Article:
Dates: 1994-05-22 - 1994-05-27 9.9 (2 decades 6 years ago)
Where: St. Petersburg, Politechnika, Russia Venue: Russian Academy of Sciences
Review of the III International Conference on 6/10/94 Space, Time and Gravitation on May 23-28, 1994 at St. Petersburg, Russia.
I asked a fellow attendee from USA, what he felt was the most important feature of the III international conference on Space, Time and Gravitation was held in May 23-28, 1994 in St. Petersburg, Russia. His answer was quick and to the point, "That this meeting took place." He was right. This was the 4th international conference of this type. It has grown in scope and prestige. It was cosponsored by solid scientific organizations: the Russian Academy of Sciences, Research Institute of Radio and Electronics, and the Institute of History of Science and Technology of Russia. There were 3 simultaneous session on space and time with 176 abstracts and 160 15-minute presentations. There were about 180 attendees, many with impressive academic credentials, from perhaps 16 countries and former Soviet states. About 85% of papers were in Russian and 15% in English, with good simultaneous translations. The meetings were well run and covered a surprising variety of views, almost all of which questioned orthodox relativistic views.
I found many papers of good quality (albeit some unorthodox). Some others seemed trivial (such as ones speaking of negative mass or biological relationships). None were presented in poor taste or 'vociferously'. Papers from countries beyond the former Soviet states seemed particularly well received. During these discussions, we had time to gain better understanding of alternative views, and to jointly review and bring out other (previously unrecognized) features of our own papers. This seemed especially valuable to those of us who have worked in seeming isolation. There were many who gained better perspectives and comments in short but meaningful dialogue. For those who have avoided such a distant meeting in the past, this personal interchange is reason enough to seriously consider attending their next conference in '96. Note that, unless visa requirements are lifted, attendees must request and be invited to attend (a simple formality).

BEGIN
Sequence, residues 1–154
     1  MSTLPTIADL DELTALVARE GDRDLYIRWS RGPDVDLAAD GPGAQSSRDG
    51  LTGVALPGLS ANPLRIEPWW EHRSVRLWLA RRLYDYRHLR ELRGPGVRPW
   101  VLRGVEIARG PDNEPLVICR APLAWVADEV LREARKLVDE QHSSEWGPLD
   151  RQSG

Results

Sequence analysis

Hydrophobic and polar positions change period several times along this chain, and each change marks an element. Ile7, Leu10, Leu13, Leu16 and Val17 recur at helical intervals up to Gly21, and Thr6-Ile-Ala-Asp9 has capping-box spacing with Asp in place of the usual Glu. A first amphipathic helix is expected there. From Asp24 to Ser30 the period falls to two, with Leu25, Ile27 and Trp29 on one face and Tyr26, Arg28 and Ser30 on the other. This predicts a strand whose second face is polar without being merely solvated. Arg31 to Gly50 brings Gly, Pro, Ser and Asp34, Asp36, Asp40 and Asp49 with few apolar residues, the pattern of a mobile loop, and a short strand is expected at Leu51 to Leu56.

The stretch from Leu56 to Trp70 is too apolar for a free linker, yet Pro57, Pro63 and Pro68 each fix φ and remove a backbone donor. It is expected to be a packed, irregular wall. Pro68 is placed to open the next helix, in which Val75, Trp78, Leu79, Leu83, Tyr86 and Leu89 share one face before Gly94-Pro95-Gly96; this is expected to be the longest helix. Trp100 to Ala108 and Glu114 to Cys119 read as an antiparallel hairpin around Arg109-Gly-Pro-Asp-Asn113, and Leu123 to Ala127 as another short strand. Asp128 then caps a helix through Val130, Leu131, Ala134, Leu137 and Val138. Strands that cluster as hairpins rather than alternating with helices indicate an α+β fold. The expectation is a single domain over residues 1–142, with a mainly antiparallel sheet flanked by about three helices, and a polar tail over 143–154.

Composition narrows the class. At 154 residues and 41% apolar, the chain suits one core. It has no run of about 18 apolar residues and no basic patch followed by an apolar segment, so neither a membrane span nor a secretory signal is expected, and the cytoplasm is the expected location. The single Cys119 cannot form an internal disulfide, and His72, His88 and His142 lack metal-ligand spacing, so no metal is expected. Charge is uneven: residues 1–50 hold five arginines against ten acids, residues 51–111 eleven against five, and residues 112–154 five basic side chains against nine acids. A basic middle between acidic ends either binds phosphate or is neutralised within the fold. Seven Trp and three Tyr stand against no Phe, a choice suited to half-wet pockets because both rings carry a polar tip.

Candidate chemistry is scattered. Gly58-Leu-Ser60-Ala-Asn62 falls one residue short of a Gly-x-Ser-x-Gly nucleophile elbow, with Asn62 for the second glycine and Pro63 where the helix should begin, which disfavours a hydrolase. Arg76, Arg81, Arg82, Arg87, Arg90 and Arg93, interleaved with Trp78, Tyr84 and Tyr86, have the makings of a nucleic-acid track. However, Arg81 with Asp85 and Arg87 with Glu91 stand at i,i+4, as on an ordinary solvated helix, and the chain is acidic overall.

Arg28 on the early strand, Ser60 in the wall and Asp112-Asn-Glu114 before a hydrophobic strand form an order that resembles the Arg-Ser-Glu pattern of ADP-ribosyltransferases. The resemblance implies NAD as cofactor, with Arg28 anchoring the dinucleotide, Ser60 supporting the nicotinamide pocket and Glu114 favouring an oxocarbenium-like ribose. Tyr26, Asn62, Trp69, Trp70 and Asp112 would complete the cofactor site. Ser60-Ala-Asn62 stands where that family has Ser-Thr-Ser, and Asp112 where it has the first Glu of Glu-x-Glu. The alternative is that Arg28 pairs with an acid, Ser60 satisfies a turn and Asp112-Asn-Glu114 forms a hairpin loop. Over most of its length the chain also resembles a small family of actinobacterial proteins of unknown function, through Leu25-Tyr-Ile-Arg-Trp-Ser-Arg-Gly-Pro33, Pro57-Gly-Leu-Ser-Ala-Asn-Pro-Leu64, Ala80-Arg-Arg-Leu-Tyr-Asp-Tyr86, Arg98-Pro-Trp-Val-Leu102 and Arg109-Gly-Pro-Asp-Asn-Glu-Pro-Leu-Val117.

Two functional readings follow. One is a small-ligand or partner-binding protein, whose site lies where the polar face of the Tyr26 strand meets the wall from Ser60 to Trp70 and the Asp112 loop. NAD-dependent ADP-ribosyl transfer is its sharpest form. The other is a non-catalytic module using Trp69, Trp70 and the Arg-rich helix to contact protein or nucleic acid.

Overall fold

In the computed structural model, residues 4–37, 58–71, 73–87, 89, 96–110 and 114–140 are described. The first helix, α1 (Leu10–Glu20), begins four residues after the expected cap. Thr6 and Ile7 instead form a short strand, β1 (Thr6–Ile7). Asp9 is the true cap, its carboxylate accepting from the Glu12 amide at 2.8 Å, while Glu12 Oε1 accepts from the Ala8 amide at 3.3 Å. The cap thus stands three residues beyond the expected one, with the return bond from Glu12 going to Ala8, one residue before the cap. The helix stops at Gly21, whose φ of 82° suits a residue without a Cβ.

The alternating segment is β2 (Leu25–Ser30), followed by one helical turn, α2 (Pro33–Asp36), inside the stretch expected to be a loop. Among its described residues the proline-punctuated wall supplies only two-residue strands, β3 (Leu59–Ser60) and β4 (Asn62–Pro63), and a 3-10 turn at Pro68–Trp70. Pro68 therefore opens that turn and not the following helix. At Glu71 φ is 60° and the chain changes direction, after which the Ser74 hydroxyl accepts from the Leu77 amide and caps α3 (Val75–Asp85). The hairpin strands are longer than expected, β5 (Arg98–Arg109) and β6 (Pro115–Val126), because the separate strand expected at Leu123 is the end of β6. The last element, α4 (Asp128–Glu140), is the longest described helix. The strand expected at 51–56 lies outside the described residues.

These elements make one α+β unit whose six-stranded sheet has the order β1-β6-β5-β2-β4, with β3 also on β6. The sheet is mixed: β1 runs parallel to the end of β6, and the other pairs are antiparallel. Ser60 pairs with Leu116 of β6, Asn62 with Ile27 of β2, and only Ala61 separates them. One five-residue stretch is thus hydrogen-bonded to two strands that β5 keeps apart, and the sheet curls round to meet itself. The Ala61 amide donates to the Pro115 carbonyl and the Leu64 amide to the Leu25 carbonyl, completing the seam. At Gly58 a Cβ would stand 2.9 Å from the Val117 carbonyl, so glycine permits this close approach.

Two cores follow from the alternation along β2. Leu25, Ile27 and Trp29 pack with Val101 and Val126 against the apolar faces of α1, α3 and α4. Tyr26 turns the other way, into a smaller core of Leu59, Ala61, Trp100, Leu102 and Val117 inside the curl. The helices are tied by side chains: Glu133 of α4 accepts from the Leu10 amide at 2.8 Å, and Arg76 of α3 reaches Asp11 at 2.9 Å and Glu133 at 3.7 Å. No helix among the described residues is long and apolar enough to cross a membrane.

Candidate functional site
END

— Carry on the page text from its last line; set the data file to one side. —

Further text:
Some planners of the conference, including Svetlana Tolchelnikova, were disappointed that all (correctly-submitted) papers were included in the program, rather than relegating the poorer ones to poster sessions as in previous conferences. To me, however, this is preferable to alternatives of ruling out non-conformist papers in the same manner that our dissident papers are excluded from establishment publications and meetings. With concurrent sessions, listeners can 'vote with their feet' to attend other sessions or talk in the hallways during papers of little interest.
A review meeting was held on at the end of the conference, which considered good and bad features of the meetings, and suggested improvements for the next time. With their newly? acquired democratic processes, however, they over-reacted (to my thinking) to the author's feelings that all papers should be published in the proceedings, instead of just selected ones of highest value. That would increase costs beyond their means, and the lessen the value of the conference proceedings. Proceedings from '89 and '91 are now available in Russian, and the '93 proceedings are in need of about $5000 before publication is possible. Russian scientists (and most other Russians) now are in dire financial shape (see Science (vol. 264, p. 1259?1284). Russians on the street and workers around the hotel seemed in a kind of malaise. A full professor's salary there might be perhaps $100/month, of which perhaps 15% goes for rent of a 'flat' in Russia and the remainder for food-if it can be found So, Professor Craig Spaniol from West Virginia and I have undertaken to see if we can find some type of financial support to help their scientific personnel (and hopefully do what we can to prevent collapse with unknown future consequences.) I would encourage others to also consider ways to help fellow scientists in the former Soviet states.
Neil Munch, Galilean Electrodynamics, 5 (6): 112 (1994).